Fairfield University welcomes Julie Dolan, the new vice president for finance

by Carolyn Arnold ’05

Julie Dolan, the new vice president for finance and treasurer, is no stranger to the financial workings at an institution of higher learning. Indeed she is the perfect fit for her new role at Fairfield, where she plans to continue its legacy of healthy fiscal support of the University’s strategic plan.

Dolan came to Fairfield in July 2010 to fill the position left by William J. Lucas ’69, who retired after 41 years of service to the University. Prior to her position at Fairfield, Dolan was associate vice president for fiscal affairs at Dartmouth College in Hanover, N.H.

Lucas established a tradition of fiscal integrity that helped the University to grow, and the Fairfield community sought a successor who would understand the vital role that the finance department played at the University.

When the University announced the selection of Dolan, President Jeffrey P. von Arx, S.J. said, “Because of this moment in the evolution of Fairfield University, and with the economic challenges that we face in the coming years, a vice president for finance with comprehensive and sophisticated financial expertise and a proven record of leadership in higher education is essential if we are to achieve the ambitious goals that we have set for ourselves as a community. I am delighted that Ms. Dolan has agreed to join us and bring her extensive experience, as well as her collegial spirit, optimism, and energy, to our University.”

As vice president, Dolan is responsible for the accounting and financial reporting functions, as well as the management of computing services and human resources. Ultimately, her office is meant to provide an environment that is secure and encourages the accomplishment of the academic mission.

It sounds like quite an undertaking, but Dolan has the qualities to ensure success. “I’ve been in this field for my whole career,” she said. “This is what I do,” she added cheerfully.

Her professional career includes work at both large and small universities, showcasing Dolan’s familiarity with how academic institutions operate. Prior to Dartmouth, she served as the director of operations at Peabody College of Education and Human Development at Vanderbilt University. From 1995 until 1999, she served as assistant dean of finance in the Faculty of Arts and Sciences at Harvard University, and then as acting associate dean. From 1989 to 1995, she held a series of posts at Tufts University, including manager of financial analysis and assistant director of the Office of Financial Planning and Budget.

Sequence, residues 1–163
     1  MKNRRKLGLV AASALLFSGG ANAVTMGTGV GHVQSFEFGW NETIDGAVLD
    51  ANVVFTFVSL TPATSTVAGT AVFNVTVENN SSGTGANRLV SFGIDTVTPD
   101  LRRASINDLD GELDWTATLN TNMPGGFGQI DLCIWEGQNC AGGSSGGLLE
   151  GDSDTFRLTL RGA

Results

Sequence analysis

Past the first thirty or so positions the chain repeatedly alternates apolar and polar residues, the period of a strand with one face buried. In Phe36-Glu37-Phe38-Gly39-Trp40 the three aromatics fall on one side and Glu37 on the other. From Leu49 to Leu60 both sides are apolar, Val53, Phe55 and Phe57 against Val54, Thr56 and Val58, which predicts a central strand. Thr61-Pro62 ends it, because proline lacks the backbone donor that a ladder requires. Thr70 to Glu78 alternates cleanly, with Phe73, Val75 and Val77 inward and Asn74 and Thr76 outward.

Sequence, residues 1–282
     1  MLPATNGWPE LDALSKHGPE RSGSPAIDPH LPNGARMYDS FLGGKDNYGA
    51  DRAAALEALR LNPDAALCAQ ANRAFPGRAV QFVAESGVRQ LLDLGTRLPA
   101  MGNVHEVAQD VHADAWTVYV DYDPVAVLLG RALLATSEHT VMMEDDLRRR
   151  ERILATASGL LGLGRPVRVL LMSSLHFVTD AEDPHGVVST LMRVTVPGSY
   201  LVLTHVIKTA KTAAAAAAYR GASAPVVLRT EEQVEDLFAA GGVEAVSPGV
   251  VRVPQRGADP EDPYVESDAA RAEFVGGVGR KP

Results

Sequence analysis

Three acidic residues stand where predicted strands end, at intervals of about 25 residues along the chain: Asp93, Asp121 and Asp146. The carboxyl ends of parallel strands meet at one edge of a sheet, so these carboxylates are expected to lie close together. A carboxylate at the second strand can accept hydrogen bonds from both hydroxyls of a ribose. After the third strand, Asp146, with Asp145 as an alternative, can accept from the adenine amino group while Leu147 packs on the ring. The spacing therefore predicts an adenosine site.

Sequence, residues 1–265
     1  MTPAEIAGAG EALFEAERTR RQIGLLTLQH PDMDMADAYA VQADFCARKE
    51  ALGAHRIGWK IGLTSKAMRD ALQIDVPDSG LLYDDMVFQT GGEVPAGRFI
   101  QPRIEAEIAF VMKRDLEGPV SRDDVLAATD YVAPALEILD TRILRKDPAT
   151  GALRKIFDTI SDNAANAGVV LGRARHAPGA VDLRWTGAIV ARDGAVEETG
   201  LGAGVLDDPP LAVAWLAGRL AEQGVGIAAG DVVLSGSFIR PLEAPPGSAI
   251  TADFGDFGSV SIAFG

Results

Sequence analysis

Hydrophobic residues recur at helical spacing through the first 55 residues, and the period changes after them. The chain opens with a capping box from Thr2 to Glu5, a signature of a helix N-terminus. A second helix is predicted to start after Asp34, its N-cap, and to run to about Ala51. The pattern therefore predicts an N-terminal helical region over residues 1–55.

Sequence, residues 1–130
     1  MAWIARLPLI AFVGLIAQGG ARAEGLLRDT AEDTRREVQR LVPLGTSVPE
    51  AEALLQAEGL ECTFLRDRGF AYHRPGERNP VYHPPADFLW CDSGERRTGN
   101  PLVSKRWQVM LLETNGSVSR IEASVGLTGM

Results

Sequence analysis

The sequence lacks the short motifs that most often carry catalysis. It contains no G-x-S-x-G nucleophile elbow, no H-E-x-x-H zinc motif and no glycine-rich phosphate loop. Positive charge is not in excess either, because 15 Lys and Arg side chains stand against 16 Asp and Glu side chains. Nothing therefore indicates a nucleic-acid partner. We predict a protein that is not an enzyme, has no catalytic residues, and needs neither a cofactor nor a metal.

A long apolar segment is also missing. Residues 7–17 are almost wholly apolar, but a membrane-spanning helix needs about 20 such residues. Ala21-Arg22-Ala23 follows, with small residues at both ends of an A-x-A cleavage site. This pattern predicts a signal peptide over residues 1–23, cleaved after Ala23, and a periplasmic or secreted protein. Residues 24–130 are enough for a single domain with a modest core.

It’s clear that Dolan has the experience to contribute a lot to Fairfield. She was interested in the position because, “it was a chance to bring my talents and experience to an institution that is continually moving up.” It also gave her an opportunity to work in new fields such as human resources and information technology.

After all of her years in higher education, there is still no other field in which she would want to use her talents. Dolan knew early on that she wanted to work in higher education. “It’s what I consider my calling and vocation,” she said.

Preferring a career in finances for universities over finances on Wall Street, Dolan was a political science major at Stanford University where she took many education and public policy classes. Once she graduated, she began working for small nonprofits dedicated to education.

Soon, she decided that she wanted to build her career at higher education institutions. “I found that I really liked the finance side of higher education and thought that the best thing to do would be to get an MBA and apply those skills to a university setting.” To accomplish this she went to the Wharton School of the University of Pennsylvania where she focused her MBA on public policy.

Dolan began her duties at Fairfield over the summer and reports that she is happy with her new community. “Everyone has been warm and welcoming,” she said. “It’s been really fun to get to know all of the people I’ll be working with.”

The transition to the state of Connecticut has also gone smoothly for Dolan. Although she noted that life in Connecticut is a bit different from life in New Hampshire (there are fewer trees and more cars in Connecticut!) she’s excited to live in a ‘zone six’ state instead of ‘zone four’ New Hampshire. “I expect to be growing a lot of tomatoes here, which are hard to grow in Hanover because of the cold,” she explained.

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